David’s Mighty Warriors (also known as David’s Mighty Men or the Gibborim) are a group of men in the Bible who were singled out in the Books of Samuel. The text (2Sam. 23:8-39) divides them into the “Three”, of which there are three, and “Thirty”, of which there are more than thirty. The text explicitly states there are 37 individuals in all, but it is unclear whether this refers to The Thirty, which may or may not contain The Three, or the combined total of both groups.
“The Three” are named Ishbaal, Eleazar, and Shammah. They are also mentioned in the Book of Chronicles.
Ishbaal is described as being the leader, and is said to have killed 800 men in a single encounter.
Eleazar is described as standing his ground against the Philistines at Pas Dammim when the rest of the Hebrews ran away, and as successfully defeating them.
Shammah is described as having stood his ground when the Philistines attacked a “field of ripe lentils” despite the rest of his associates dispersing, and as having defeated the attackers.
“The Thirty” are not heavily described by the text, merely listed. The individuals that are clearly identified are:
– Elhanan son of Dodo from Bethlehem – Shammah from Arad – Helez from Beth-Palet – Ira son of Ikkesh from Tekoa – Abiezer from Anathoth
– a man from Hushah that was named either Mebunnai (according to the Masoretic text) or was named Sibbecai (according to the Septuagint and Chronicles)
– Zalmon, descended from Ahoah – Maharai from Netophah
– Heleb, son of Baanah from Netophah – Ithai, son of Ribai from Gibeah – Benaiah from Pirathon
– a man from the ravines of Gaash that was named Hiddai or Hurai
– Abi-Albon from Beth-Arabah – Azmaveth from Bahurim – Eliahba from Shaalbim
– the (unnamed) sons of a man that was either named Hashem and was from Gizon or was named Jashen
– Ahiam from Arad, whose father was either named Sharar or was named Sacar
– Eliphelet from Maacah, whose father was either named Ahasbai or Ur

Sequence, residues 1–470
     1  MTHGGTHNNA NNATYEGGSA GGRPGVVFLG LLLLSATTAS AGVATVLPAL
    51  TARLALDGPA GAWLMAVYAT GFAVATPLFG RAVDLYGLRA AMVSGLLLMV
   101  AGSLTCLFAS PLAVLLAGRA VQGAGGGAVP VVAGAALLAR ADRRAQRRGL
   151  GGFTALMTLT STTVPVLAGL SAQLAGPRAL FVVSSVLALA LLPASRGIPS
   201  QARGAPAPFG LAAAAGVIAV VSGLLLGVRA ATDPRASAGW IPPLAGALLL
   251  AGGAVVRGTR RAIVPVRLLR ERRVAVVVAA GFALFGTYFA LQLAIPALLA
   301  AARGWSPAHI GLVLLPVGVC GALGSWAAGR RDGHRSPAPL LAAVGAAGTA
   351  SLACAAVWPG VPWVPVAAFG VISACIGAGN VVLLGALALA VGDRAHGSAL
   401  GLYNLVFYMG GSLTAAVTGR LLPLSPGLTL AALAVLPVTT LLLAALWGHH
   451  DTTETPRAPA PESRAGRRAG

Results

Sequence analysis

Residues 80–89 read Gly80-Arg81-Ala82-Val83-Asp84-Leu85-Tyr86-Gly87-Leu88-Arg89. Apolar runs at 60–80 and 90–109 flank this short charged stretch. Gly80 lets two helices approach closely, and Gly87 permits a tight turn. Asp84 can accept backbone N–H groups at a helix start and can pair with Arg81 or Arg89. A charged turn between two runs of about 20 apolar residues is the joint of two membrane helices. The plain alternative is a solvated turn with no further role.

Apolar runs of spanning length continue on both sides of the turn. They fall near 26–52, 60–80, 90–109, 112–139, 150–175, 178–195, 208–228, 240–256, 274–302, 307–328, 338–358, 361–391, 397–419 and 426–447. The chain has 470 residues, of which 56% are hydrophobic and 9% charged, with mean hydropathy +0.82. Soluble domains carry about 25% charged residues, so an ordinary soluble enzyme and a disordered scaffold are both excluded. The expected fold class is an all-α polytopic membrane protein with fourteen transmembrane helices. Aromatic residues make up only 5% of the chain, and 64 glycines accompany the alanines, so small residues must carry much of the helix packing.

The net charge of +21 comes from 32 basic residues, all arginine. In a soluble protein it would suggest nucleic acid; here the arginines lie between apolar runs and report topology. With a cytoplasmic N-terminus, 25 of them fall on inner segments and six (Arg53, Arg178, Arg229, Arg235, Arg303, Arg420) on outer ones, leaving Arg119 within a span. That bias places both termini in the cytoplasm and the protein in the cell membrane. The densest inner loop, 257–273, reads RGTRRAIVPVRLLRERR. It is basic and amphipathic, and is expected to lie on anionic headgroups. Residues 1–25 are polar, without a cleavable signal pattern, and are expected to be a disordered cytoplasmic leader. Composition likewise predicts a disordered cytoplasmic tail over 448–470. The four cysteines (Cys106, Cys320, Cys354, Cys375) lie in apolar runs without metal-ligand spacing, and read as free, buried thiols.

– Eliam son of Ahithophel from Giloh – Hezro from Carmel – Zelek from Ammon
– Ira from Jattir – Gareb from Jattir – Uriah the Hittite
In addition to these, there are a few cases where an individual is named, and is then followed by a description that is unclear as to whether it refers to them, or whether it refers to an additional unnamed person.
At the end of David’s life and reign as King, it is as if he is reflecting back over his life. He reflects back over his life and the great men that God had sent his way.
In 1Samuel 22:1,2, there were 3 classes of these men who came to David in his rejection as King:
1. Those who came in Distress… they were persecuted by Saul.
2. Those who were in Debt… and about to be sold into slavery.
3. Those who were Discontented… and unhappy with what life had to offer.
Life had not been good to them.
Every one of us alive today were – or are – in the same boat. We are in distress, in a hopeless life, and with a debt we cannot pay.
Aren’t you glad that Jesus paid our debt and gave us hope in a hopeless world?
There were a lot of men in David’s army. What made these men stand out? What was it that made them different than the rest?
All of these Mighty Men had one thing in common. They loved the king. They loved him more that their own lives. They were willing to risk and to sacrifice.
God has always had his few.
I want to be one of the few – don’t you?
Are you satisfied with just being a Christian?
Wouldn’t you rather be a soldier on the front line for your Savior?
As I write this blog, it is Memorial Day weekend. We remember these Mighty Men for their bravery… and we set aside Memorial Day to remember the bravery of so many men and women who gave their lives in service to our country.
You can read the short stories of the Mighty Men of David in 2Samuel 23 & 1Chronicles 11.